Tuesday, 13 November 2012

Traditional English Christmas Cake


It's time to start the preparations for Christmas, here in the cottage, but I'm not talking chocolates. Take a peek inside the tin and see what I'm cooking today...

Here are the ingredients for an 8 inch round or a 7 inch square tin:

10 ozs currants
7 ozs sultanas (golden raisins if in America)
4 ozs raisins
2 1/2 ozs glace cherries (quartered)
2 1/2 ozs whole almonds (blanched and chopped finely)
2 1/2 ozs mixed peel
grated rind of 1 lemon
2 tablespoons of Brandy
7 ozs of plain flour (all purpose flour if in America)
1 level teaspoon of mixed spice
2 ozs ground almonds
6 ozs butter (room temperature)
6 ozs soft brown sugar
1 tablespoon of black treacle
4 eggs

and this is the method:

Prepare the dried fruit; cut the cherries in four.  Blanch the almonds, chop finely.  Mix the prepared fruits, almonds, peel and lemon rind together in a mixing bowl and pour over the brandy. (If liked leave overnight.)

Sieve the flour and spice and add the ground almonds.

Place the butter and sugar in a large mixing bowl and cream together until light and fluffy.
Beat in the treacle.  Add the eggs, one at a time and beat in thoroughly, adding a little of the sieved flour with every egg after the first.

Fold in the remaining flour mixture with the prepared fruit etc., half at a time, gently and thoroughly until well mixed.

Line the inside of the tins with a grease  proof paper insert and brush inside with melted margarine.  Place the mixture evenly into the prepared tins.  Tie several thicknesses of thick paper or newspaper around the outside of the tins.  (This prevents the cakes from over-browning.)  Smooth the top of the cakes with the back of a wet spoon.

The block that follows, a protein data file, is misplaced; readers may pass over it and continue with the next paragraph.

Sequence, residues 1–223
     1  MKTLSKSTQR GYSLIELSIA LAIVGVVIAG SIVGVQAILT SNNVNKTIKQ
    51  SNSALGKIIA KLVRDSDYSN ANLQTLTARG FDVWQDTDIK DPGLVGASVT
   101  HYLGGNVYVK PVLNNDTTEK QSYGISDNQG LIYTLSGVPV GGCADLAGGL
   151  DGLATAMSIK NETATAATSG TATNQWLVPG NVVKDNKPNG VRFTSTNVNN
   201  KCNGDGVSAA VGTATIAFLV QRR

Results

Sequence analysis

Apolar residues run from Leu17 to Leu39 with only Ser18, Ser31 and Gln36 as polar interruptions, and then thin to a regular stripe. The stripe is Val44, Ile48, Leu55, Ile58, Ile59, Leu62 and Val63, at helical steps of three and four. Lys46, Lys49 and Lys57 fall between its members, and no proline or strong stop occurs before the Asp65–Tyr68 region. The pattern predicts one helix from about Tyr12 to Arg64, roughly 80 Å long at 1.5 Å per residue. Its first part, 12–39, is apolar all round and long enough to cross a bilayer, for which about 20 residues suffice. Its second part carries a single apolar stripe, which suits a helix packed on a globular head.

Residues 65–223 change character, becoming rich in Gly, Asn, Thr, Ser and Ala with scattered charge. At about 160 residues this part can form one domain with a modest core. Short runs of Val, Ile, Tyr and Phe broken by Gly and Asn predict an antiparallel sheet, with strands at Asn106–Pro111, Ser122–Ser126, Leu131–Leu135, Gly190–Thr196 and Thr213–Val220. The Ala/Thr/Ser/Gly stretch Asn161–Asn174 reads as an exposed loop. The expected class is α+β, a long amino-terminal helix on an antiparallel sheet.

Bake on middle shelf of a very slow oven (electric 290 deg. F., gas no. 1.)  Allow approximately 4 hours for a 7-inch square or an 8-inch round cake.

Remove from the oven.  Leave in tin to cool slightly, turn out, remove paper and cool on a wire tray.
When quite cold,wrap in double grease proof paper and store in an air-tight tin until required.


Don't forget to feed the cake with some Brandy! You will need to poke holes in the top of the cake with a skewer when it comes out of the oven and is still warm. Then, using a tablespoon, spoon over 3 spoons of Brandy, or you could use three capsful. Watch with delight as the Brandy soaks into the cake.  It will make a slight sizzling sound. The feeding will need to be done again, once or twice before Christmas arrives.  The Brandy will add to the delicious flavour of the finished cake and also help to preserve the cake if you can't eat it all at once.

This is a very rich cake so small slices should be given (and often!).Next time I'll come back and tell you how I decorated it.

5 comments:

  1. How I love the traditional English Christmas cake, it takes a long time to cook, but worth it in the end :)
    You have a headstart on your Christmas baking !
    ~Jo

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  2. What do you mean by mixed spice I was Born in England but moved to the U.S in 67'

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  3. mixed spice is available in the spice aisle or look for it in a bulk food store, and it is a mixture of spices mixed together.

    We hate Christmas cake, mince pies, plum pudding and anything else with dried fruit in it. However I do love the smell of Christmas cake especially after it has been fed!!

    Gill

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  4. Lesley C: Mixed spice is used in rich fruit cakes over here. It is best explained at this link:
    http://en.wikipedia.org/wiki/Mixed_spice

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  5. Oh, dear; that sounds way too tasty and too rich for Bear!

    Glad you have fun making it!

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